We were planning to do the bike ride around the Yangshuo region to check out the lumps up close and personal. Given our affinity for bicycles and our not yet battle hardened bottoms, it was not something we were looking forward to but it really is the best way to see the area. In a series of classic avoidance techniques we (both) dragged the chain on getting out of the room, went for coffee while we posted the rafting post (including mucking around with the pictures), discussed whether we should ride the bikes to breakfast or walk etc.
After walking to and from breakfast (another $7 feast) we bit the bullet and headed to reception to book and pay for our bikes. At this point the girl asked what type of bikes we would like, we inspected the menu…and there it was…the electric bike. About 20 yuan a day more ($3.50-3.80) expensive, same sights but less of that pesky pedalling. Now we had seen these in other cities, you do the first few pedals to get momentum and then relax until you hit a hill or something then you need to give it a helping hand.
We went down to collect our bikes and was told to follow the dude. About 700 meters later after zigzagging the backstreets we hit a dodgy alley and he headed on down it, opened the shed and there they were…fully electric mopeds…charged and no peddling required at all. Now anybody who has spent any time in Asia is aware of the chaos that is the streets and traffic…and China is no exception. A little more ordered than some and less than others. A land where pedestrians, bicycles, mopeds, motorbikes, trucks, busses, wheelbarrows and food carts all try to occupy the same space simultaneously…and we were now motorised.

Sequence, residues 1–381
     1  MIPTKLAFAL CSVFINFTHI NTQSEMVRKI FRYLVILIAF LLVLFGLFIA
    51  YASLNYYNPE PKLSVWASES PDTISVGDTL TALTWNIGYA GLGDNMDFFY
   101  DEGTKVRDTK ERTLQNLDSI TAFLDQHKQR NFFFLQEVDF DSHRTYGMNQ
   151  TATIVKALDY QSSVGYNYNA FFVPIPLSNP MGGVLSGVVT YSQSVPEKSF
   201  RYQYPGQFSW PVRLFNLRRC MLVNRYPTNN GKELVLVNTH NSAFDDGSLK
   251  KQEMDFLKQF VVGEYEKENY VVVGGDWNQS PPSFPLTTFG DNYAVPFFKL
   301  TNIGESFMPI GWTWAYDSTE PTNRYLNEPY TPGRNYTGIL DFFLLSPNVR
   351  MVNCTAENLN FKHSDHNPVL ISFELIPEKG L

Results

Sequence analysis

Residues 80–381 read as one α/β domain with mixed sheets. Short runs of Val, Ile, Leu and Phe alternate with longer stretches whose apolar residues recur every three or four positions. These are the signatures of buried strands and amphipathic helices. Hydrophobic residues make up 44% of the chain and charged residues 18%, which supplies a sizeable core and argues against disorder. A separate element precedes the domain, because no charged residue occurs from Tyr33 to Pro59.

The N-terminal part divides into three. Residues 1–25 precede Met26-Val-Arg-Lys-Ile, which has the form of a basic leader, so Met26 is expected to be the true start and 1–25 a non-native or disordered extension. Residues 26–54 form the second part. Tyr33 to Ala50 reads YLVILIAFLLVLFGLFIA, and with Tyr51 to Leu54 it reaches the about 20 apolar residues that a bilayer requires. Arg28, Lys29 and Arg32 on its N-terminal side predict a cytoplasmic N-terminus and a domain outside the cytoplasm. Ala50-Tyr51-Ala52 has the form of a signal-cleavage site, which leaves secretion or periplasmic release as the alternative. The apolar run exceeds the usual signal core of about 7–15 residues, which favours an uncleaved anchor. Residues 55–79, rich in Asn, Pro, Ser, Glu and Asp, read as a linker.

Our first 5 mins or so were frantic as we tried to head away from the busy areas to get a feel for our hogs. This achieved, we felt brave enough and headed back through town and then generally downstream following the river as best we could. Being a small town we were on the open road in no time and were happily feeling the wind in our hair (no helmet laws here). Cruising the back roads of China amid the lumps…not bad at all. A bit more comfortable on the hogs and we opened them up…I got mine up to 44 kph.
Yangshuo is a renowned destination for “adventure tourists” with many caves, hikes, rock climbing and lump mountain biking. We rode past them all, except we weren’t sweating…it was another great day. We headed back to Guilin for a night (BBQ night again) so that we can jump over to Guangzhou for our next leg into New Delhi, India. We took the bus back which was much cheaper but nowhere near as fun or scenic as the bamboo raft to get there.
We are in China for about another week and it has been fantastic…and we will be heading back a couple of more times…but we are both getting ready for a change. The constant honking of horns grates on your nerves after a while, and the urge to throttle the guy who is heavy on the horn is growing with each passing day. Jill is also starting to pine for real chocolate. China has an odd version that even in pre-packaged items like a snickers bar is very different.
We have moved onto Guangzhou now and spent the first day hitting the Chen Clan Academy, Nanyue King Mausoleum, and the catholic cathedral. Day two hit the zoo followed by the Sun Yat Sen Memorial. Couple of days of ticking the tourist boxes really. The zoo was good but the panda exhibit was as much of a fizzer as Beijing, nowhere near the excellent quality of Chongqing. I did however get fairly close to a panda, but had to watch out for his killer moves (and I smiled for those having a dig). Lots of tigers and lions etc.
The really sad part was the behaviour exhibition hall this was bears walking tightropes, monkeys on bicycles, macaws playing basketball, and a tiger jumping through hoops. This is a throwback to a time long since passed, and rightfully so. We were hoping that these were old animals that grew up performing and were finishing their lives doing what they know. It would be appalling to think that this was still going on today. On the up side they looked well fed and happy enough, but it was disconcerting to watch.